Pacific nations join forces to save the whales



Posted on 13 August 2003  | 
Eleven great whale species are known to occur in the South Pacific region, including the sperm whale.
© WWF-Canon / Stephen DawsonEnlarge
Auckland, New Zealand - WWF today hails 11 Pacific nations for their leadership in establishing an unprecedented number of national whale sanctuaries. Together, the sanctuaries cover over 28 million sq km of ocean and create a blueprint for whale conservation and the management of shared marine resources all over the world.

The South Pacific Ocean is the world's largest marine habitat, containing critical breeding grounds and migratory routes for 11 of the world’s great whale species. The Cook Islands, Fiji, French Polynesia, Niue, New Caledonia, Papua New Guinea, Samoa, Tonga, Vanuatu, Australia and New Zealand have either declared their Exclusive Economic Zones (EEZs) as whale sanctuaries or are taking action to protect whales through national legislation.

“WWF applauds the governments of the Pacific for making this commitment to guarantee the future of these special animals, the cultural traditions and values they embody, and the region's living marine resources,” said Dr Susan Lieberman, Director of WWF's international Species Programme.

“These sanctuaries, which WWF is recognising as a ‘Gift to the Earth’, will help ensure threatened whale populations recover."

The establishment of whale sanctuaries will boost the region's tourism industry. Whale watching has doubled in the past 10 years and is now one of the fastest growing branches of the tourism industry. Internationally, more than nine million tourists took part in whale watching in 2000 generating revenue of US$ 1 billion. WWF believes that whale watching can provide a unique opportunity to build and ensure sustainable livelihoods for local communities while also protecting and valuing marine biodiversity.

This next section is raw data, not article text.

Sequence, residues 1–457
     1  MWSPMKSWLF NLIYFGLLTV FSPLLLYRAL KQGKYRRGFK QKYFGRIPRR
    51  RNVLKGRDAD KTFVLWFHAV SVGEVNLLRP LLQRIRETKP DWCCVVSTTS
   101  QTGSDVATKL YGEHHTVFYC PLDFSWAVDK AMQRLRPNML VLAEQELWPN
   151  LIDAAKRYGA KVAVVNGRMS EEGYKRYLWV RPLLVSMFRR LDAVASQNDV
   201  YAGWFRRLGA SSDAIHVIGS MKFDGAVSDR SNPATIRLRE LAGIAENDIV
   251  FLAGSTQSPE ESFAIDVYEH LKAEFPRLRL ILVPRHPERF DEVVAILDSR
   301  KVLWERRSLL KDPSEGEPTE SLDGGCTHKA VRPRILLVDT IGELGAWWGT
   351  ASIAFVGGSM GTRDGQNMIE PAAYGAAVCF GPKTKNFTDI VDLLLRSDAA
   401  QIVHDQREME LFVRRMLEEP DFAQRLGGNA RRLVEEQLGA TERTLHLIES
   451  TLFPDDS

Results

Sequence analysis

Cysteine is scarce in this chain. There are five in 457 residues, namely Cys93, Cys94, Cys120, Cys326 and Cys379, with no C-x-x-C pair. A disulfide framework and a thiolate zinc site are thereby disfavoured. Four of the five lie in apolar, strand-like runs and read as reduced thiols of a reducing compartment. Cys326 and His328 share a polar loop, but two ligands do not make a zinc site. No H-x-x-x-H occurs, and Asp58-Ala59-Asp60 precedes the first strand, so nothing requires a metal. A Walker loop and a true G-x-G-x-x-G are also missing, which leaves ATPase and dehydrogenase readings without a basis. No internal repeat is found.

“Combined with a well-defined management plan, these whale sanctuaries will help ensure that vulnerable whale populations can recover and will serve as an invaluable tool for marine conservation and development, including ecotourism and fisheries management,” added Dr Lieberman.

The sanctuaries, which WWF helped secure, include long-standing commitments made by New Zealand, Australia, Tonga, and Vanuatu, and demonstrate the commitment of Pacific nations to the conservation of whales. The sanctuaries also complement the Southern Ocean Whale Sanctuary, which contains the Antarctica feeding grounds for the whale species that travel to the South Pacific to breed and calve.

Notes to Editors:
  • The ‘Gift to the Earth’ is a public celebration and recognition by WWF of a globally significant conservation action by a government, a company, an organisation or an individual. The event on August 13 is co-hosted by WWF and the government of New Zealand.
  • 11 great whale species are known to occur in the South Pacific region. Almost all of these species have been commercially hunted in the region and as a consequence the blue, fin, right, humpback and sperm whales are the most severely depleted.
  • Humpback whales breed in different places at different times therefore it is critical that whale sanctuaries are not limited to only a few small areas in the South Pacific.
  • Whale watching is now a thriving industry in Tonga, generating around US$1 million dollars annually for the Tongan economy.

For further information:


Angela Heck
WWF-New Zealand
Tel. +64 25 477 158
E-mail: angela.heck@wwf.org.nz

Matthew Davis
WWF Species Programme
Tel. +44 7768 867272
E-mail: mdavis@wwf.org.uk

Mitzi Borromeo
WWF International
Tel. +41 22 364 9562
E-mail: MBorromeo@wwfint.org
Eleven great whale species are known to occur in the South Pacific region, including the sperm whale.
© WWF-Canon / Stephen Dawson Enlarge
As humpback whales breed in different places at different times, it is critical that whale sanctuaries are not limited to the South Pacific.
© WWF-Canon / Jim Darling Enlarge

Subscribe to our mailing list

* indicates required